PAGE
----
Once these three sets of outcomes were gathered, Morris and colleagues conducted a meeting among stakeholders who had participated in earlier stages of the research to weigh in on prioritization. Stakeholders in the group included three patients – one with autism and two with a neuromuscular condition, five parent carers of children with various neurological disorders; and seven health professionals, including a pediatrician, physiotherapist, occupational therapist, nurse, pediatric surgeon and a child and adolescent psychologist.
While the group’s purpose was to sort and prioritize outcomes, the researchers wanted to observe the processes and discussions that led participants to their decisions. They created a list of health outcomes gathered from the qualitative research, Delphi survey and PROMs, removed duplicates and ended up with a final list of 33 “aspects of health” or health outcomes which they presented to the stakeholders. Participants were asked to share their personal views and discuss and negotiate the importance of each item among other aspects of health through group discussions and activities.
The researchers noted the difficulty for the group in reaching consensus, with debates about many aspects of health, such as which items were self-reportable and which items were more amenable to health care influence.
“Families value highly emotional well-being and social participation, and these were less prioritized by health professionals,” Morris said. “Although many professionals stated they targeted these aspects of health, they felt health services are less ‘accountable’ for them. Health care for people with long-term conditions could be improved by better integrating mental health support with chronic disease management.”
Results and next steps
“Agreement emerged regarding a core suit of health outcomes appropriate for children and young people with neurodisability: communication, emotional well-being, pain, sleep, mobility, self-care, independence, social activities, mental health, behavior, toileting and safety,” Morris said.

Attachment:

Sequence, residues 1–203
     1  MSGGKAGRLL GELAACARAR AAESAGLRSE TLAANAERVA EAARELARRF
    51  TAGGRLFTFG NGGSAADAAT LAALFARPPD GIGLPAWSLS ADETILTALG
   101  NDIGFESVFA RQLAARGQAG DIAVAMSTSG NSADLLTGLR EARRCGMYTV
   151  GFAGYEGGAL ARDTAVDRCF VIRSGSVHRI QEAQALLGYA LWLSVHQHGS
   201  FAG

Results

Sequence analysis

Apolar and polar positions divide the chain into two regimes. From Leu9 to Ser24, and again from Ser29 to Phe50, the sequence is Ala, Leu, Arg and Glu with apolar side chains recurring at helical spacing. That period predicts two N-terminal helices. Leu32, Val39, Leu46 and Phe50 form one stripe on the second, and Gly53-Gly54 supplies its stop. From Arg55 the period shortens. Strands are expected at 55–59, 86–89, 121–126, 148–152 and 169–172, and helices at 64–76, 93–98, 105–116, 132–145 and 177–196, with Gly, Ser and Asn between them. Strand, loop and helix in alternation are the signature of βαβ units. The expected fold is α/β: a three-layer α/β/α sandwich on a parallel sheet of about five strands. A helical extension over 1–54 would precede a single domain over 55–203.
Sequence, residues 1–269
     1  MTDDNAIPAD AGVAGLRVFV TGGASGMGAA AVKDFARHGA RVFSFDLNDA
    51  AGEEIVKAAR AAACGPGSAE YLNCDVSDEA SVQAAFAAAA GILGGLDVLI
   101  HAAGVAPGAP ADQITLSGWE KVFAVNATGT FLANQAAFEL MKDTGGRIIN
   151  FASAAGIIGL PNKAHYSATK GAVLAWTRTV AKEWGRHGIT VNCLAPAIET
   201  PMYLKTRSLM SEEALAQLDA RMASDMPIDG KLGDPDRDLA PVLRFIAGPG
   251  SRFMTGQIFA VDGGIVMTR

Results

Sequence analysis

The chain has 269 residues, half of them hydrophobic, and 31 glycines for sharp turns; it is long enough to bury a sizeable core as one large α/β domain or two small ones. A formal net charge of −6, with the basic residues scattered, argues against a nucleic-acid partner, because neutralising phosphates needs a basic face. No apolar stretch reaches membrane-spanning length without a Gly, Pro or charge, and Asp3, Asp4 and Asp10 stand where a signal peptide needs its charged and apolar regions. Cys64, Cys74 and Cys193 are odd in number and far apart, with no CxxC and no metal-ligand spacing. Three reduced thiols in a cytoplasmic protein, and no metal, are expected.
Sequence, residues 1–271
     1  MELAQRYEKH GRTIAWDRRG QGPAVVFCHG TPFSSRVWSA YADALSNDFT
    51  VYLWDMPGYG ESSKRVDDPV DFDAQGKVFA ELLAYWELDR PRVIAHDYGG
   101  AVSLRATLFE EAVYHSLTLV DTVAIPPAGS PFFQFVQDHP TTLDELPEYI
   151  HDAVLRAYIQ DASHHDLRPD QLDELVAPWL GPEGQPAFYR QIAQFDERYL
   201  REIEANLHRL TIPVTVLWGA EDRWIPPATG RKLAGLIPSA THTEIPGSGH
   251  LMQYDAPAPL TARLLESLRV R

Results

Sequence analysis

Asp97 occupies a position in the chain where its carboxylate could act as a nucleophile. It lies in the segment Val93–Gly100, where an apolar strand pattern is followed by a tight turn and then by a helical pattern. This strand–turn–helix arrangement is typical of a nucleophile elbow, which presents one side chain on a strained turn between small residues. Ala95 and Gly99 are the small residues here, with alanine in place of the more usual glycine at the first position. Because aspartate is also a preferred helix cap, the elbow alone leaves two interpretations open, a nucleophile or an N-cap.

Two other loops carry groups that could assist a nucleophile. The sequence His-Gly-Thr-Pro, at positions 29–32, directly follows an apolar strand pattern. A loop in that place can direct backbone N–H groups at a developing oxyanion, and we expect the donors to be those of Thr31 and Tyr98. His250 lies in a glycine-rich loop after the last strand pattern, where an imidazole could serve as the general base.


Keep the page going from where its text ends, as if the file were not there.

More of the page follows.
While the range of conditions was wide, Morris said the findings apply as much to children with cerebral palsy as to those with other neurological/neurodevelopmental conditions.
“The core outcome set we propose is entirely valid for children with cerebral palsy,” he said. “Interestingly, the condition-specific core outcome set for cerebral palsy developed in North America does not include key elements of communication – which was rated the highest priority outcome in our work – and does not include aspects of quality of life or well-being.”
The findings led the researchers to propose this group of outcomes as a suite of important health domains that should be assessed for children with neurological disorders and conditions. The identification of key domains also led to a comparison with current tools for assessing patient outcomes.
“We looked to see if any of the content assessed by patient-reported outcome measures covered the key domains, and whether there was any evidence of robust measurement properties for any patient-reported measure,” Morris said.
Morris noted a survey or questionnaire has yet to be created for patients that encapsulates all these outcomes.
“Unfortunately none of the patient-reported outcome measures we looked at assess enough of the key domains to enable us to recommend any existing questionnaires,” he said. “Also, there is a paucity of evidence for any of the patient-reported outcome measures being able to detect and quantify meaningful change from treatment.”
The researchers recommend further development of PROMs for children and young people with neurological and neurodevelopmental disorders and conditions. They recommended a greater role for “service users” – patients and their parent carers – in the development of PROMs, and the inclusion of all stakeholders as partners in the further development of PROMs.
“This study builds awareness of the priority health outcomes valued by families of children with a broad range of conditions that might be overlooked by health professionals,” Morris said. “Children’s sleep, toileting and safety are huge issues for parents of disabled children that can be neglected.” – by Amanda Alexander
- Morris C, et al. Health Qual Life Out. 2015;doi:10.1186/s12955-015-0284-7.
Disclosure: Morris reports no relevant financial disclosures.